- Tuesday through Friday (1 hour on-ice, 1 hour off-ice, 1 hour back on-ice)
- Group A - 9am - 12pm
- Group B - 10am - 1pm
- Group C - 1pm - 4pm
- Thursday Night - Roundtable Discussion
- Friday Night - Scrimmages (each group has a 1 hour scrimmage)
All hockey school participants receive 1 hour of off-ice physical training during each day of the hockey school. All off-ice conditioning is performed by Joe Tice (nephew to Ted and cousin to Brandon and Jordan), who has taught physical education at the high school level for over 20 years. Joe has a Bachelor of Arts, Bachelor of Education, and Bachelor of Physical Education from Queens University. We are happy, honoured, and proud to have Joe as a part of our team.
All registered hockey school participants receive a 3|NOLANS First Nation Hockey School jersey to use during the week, and get to keep the jersey once the hockey school is complete. Food is not provided during the hockey school. We ask that each child bring their own water bottle to use during the on-ice and off-ice training. Food is provided (pizza, coffee, water, snacks) at our "Roundtable Discussion" event.
2020 dates and locations TBD
Where We Have Been in the Past:
2013 and 2014
Couchiching First Nation, ON
2013 and 2014
2014 and 2015
Enoch Cree Nation, AB
2015, 2016, and 2017
OTHER COMMUNITIES WE HAVE ATTENDED:
Ochapowace Nation, SK (2016, 2017, and 2018)
Maskwacis, AB (2017)
Saddle Lake Cree Nation, AB (2017, 2018, and 2019)
Fort McKay First Nation, AB (2018)
Ekuanitshit First Nation, QC (2018)
Uashat mak Mani-Utenam, QC (2018)
Kashechewan First Nation, ON (2018)
Cree Nation of Wemindji, QC (2018 and 2019)
Sandy Lake First Nation, ON (2019)
Pikangikum First Nation, ON (2019)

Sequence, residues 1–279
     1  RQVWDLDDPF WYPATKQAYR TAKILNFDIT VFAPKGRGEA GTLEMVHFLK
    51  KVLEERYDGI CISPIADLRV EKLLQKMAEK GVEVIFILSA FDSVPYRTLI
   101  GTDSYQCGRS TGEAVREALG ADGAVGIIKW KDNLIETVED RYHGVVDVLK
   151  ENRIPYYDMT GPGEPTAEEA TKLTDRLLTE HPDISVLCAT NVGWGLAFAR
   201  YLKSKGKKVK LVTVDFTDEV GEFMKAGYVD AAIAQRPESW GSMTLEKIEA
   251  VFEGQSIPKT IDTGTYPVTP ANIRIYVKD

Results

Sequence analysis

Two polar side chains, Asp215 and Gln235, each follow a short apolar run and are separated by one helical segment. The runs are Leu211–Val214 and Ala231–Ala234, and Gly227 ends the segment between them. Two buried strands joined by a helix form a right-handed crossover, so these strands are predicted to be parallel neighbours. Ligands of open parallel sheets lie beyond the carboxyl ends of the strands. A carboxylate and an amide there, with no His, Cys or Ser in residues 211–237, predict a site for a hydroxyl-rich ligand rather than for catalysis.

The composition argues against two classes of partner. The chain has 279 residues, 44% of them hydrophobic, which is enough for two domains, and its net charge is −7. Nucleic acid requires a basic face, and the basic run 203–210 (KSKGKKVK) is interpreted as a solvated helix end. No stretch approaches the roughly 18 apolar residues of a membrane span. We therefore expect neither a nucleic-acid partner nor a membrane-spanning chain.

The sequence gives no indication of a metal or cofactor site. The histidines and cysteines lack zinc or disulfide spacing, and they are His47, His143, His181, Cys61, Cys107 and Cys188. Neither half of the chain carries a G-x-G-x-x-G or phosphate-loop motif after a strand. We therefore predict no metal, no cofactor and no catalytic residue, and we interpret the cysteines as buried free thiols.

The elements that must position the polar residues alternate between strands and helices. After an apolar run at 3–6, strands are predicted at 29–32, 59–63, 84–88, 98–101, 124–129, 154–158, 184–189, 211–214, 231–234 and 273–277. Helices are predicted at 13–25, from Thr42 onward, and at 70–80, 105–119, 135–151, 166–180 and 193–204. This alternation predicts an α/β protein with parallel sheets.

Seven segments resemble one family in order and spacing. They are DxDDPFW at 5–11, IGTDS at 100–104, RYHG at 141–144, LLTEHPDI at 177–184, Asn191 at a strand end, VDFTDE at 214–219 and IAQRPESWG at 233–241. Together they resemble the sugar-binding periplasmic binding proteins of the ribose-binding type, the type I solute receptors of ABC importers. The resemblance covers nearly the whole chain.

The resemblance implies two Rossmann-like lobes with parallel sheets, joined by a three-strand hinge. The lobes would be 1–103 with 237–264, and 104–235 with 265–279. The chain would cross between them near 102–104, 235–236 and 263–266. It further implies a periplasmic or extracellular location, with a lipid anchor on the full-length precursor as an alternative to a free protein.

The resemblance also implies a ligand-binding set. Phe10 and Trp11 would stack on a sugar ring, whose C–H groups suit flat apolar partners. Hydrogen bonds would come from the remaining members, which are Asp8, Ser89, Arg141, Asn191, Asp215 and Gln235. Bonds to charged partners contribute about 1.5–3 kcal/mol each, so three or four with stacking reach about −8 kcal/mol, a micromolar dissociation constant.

Cross Lake First Nation, MB (2019)
“Best hockey camp school! My son had a great time making new friends and learning from 3 amazing Nolan’s! I would recommend this camp to everyone. It’s a must and I’m super excited for next year.”
“I just wanted to add how grateful I am to the Nolan’s for offering this opportunity for our kids to participate in. Their family delivery provided a family atmosphere and I'm always so impressed and amazed at how wonderful they are with the demands of pictures and autographs. Each day, their smiles and engaging personalities made it an absolute pleasure to be there, both for our grandchildren and for us! They did not disappoint, I can’t wait to have them back here next year.”
“Was a very fun week. My son enjoyed his first year and he can’t wait until next year.”
“This is one of the best camps I have ever sent my daughter to. They (the Nolan’s) are very good Aboriginal role models.”
“It was an experience my son and family will cherish. Thanks so much for an outstanding job you three men did along with Sandra and family.”
“All youth need role models, and it is an added bonus when they are Aboriginal.”
“Thank you for coming to our community. It was so awesome for all of our children, youth and parents. The Nolan’s are the best. Miigwetch.”
“The Nolan’s are a very classy organization.”
“Awesome role models for our inspiring hockey players.”